I've been watching Orphan Black and in the second season we start seeing more of a faction that has a religious interest in the clones. It makes for a good story element and provides plenty of conflict and choices for the protagonists. 

But it makes me think that groups like this are always the religious nutters. Doesn't matter if it's the X-Files or Supernatural or whatever, they're cast in that light. 

In gaming it's probably quite similar. I think of exceptions like Warhammer or Dogs In The Vineyard, though. Those settings put the religious nutters as established religion so they don't count as fringe groups any more. 

With all of that rattling around in my mind I've taken an interest in playing a religious nutter, steeped in cult language and motivations. I'm not sure if the urge will have gone by the time the opportunity comes but I'll just have to park the idea. 

Have any of you out there had experience playing these characters? How did it go for you?

Wednesday, 30 April 2014

Pocketmod Games

I have a couple of minor games (Nobles and other ideas in the works) that might never make it to full publication. They seem like the right size for Pocketmod publication, however.

Until now I've not really considered the format, despite Michael Wenman's enthusiasm for them. However, for small idea games they might be precisely what I need.

They don't need loads of competence in layout, they just need succinct rules. The real skill is in the writing, not in reducing the font size.

Watch out for a couple of them to become available for download in the coming months. I'll put them on my games page.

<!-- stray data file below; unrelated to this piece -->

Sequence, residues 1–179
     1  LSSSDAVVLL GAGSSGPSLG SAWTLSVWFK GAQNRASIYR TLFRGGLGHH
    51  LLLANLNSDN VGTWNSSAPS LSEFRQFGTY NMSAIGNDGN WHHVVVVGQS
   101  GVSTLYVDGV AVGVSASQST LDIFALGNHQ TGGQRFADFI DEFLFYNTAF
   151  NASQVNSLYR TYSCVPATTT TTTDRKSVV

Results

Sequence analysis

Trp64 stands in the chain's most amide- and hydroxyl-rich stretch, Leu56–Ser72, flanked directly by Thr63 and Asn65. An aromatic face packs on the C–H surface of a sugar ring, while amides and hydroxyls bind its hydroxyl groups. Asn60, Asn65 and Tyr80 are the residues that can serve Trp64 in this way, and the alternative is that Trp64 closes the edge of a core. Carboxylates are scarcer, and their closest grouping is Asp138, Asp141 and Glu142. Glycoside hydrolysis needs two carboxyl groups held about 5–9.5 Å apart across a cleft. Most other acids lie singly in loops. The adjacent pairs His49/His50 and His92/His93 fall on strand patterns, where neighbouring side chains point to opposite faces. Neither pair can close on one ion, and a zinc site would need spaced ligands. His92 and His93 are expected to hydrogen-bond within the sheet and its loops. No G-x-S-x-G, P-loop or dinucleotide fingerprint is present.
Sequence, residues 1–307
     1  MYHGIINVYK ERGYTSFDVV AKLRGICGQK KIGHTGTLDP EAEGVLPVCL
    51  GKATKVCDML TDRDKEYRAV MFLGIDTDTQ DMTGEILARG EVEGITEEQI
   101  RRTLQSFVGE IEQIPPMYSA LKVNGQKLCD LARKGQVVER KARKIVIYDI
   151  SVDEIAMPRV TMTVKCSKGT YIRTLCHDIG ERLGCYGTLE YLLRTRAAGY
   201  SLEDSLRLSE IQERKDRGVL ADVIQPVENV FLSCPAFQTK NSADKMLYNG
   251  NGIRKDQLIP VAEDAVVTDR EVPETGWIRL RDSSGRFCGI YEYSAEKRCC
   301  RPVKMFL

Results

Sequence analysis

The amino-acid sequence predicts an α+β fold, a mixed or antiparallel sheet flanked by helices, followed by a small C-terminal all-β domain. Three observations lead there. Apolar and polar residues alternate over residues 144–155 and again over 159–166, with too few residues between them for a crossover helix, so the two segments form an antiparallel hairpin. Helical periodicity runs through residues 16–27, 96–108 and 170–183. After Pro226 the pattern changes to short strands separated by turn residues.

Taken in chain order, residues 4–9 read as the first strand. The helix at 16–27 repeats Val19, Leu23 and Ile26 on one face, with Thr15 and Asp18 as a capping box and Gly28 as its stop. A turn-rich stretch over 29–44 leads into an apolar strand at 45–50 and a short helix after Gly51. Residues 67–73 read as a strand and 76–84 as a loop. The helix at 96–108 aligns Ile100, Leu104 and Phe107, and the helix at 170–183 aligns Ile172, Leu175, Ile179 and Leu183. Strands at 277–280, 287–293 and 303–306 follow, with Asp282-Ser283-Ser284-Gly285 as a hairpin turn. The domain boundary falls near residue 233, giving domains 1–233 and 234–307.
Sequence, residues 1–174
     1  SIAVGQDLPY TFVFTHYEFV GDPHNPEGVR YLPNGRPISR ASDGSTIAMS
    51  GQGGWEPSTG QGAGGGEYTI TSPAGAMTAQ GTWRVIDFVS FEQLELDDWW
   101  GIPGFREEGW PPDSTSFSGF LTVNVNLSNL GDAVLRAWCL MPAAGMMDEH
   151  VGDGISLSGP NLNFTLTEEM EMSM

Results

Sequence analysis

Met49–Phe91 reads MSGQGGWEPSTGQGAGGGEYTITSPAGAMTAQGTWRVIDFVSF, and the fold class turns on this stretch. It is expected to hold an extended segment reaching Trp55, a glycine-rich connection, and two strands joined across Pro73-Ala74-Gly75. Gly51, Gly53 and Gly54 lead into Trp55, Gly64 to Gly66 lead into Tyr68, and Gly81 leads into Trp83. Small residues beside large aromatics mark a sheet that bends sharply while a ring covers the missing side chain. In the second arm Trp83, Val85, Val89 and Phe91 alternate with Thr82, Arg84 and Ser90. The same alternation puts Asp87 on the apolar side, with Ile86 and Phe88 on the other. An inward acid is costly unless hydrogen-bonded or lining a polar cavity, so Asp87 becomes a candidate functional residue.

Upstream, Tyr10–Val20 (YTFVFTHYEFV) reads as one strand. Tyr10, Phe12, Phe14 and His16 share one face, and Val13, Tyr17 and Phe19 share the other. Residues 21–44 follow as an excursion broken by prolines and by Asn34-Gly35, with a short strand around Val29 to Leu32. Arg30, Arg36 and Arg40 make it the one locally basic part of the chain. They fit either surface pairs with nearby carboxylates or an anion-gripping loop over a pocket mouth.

Wednesday, 9 April 2014

Lego FU is Awesome!

Why yes, I have seen the Lego Movie. I couldn't wait any more to see it and can't wait to take my kids to see it.

I got to enjoy it on lots of levels, including the Lego FU hack. As players of Lego FU might know, I based that FU hack heavily on the Clutch Powers movie and the TT Games range. I was keen to see if there would be anything new about the ideas of Lego, or how "the Lego Universe" might work. Lego isn't something with a canon so I was open to something new.

But here's the thing about Lego. It's about recreation and re-creation. It's about building on what someone else already did. Even though Emmett is in a different world to Clutch Powers, or Batman, or the Hobbitt, or the Power Miners, etc., the same principles apply.

And what does that mean for Lego FU? It means you can play the Lego Movie with the existing Lego FU hack with only a teeny, tiny, difference for flavour. Running out of creation spark takes your minifig out of the game but makes them a minifig who always follows the instructions, including the overpriced coffee.

Now go and build your story! Lego FU is awesome!

Tuesday, 1 April 2014 has been revitalised

If you're the curious sort of person who has clicked around this blog after reading a post then you may have found my personal page at

After a lot of mucking about, I've redesigned it to trim the fat and just because I like the kind of mucking about that goes into making something new.

I've copied my games' pages over to there, but will maintain a link to them from this blog.

We now return you to your normal programming.

Saturday, 15 March 2014

Getting ideas for your games

My five year old son said to be the other day, "dad, imagine if there was a prison that was made by bad guys and in every room was treasure and the bad guys were guarding all the rooms in the prison."

Apparently you can invent dungeon crawling when you are five.

Monday, 24 February 2014

No Con, No Cry

I think the Perth convention season has started, but I can't be sure. Gaming cons seem to be poorly advertised around here, or there aren't many. And to be honest, I've struggled to find the space for something like Go Play. Tactics is cool but the space is too small for a crowd of story gamers. Good Games looks like a big gaming space …for card games and minis games.

Candidates for my limited dollar this year are Swancon, Comic-con, and Supanova. You know, the regular stuff. Not sure if they're all on the agenda, but let's see what happens.

Thursday, 20 February 2014

F20 Golf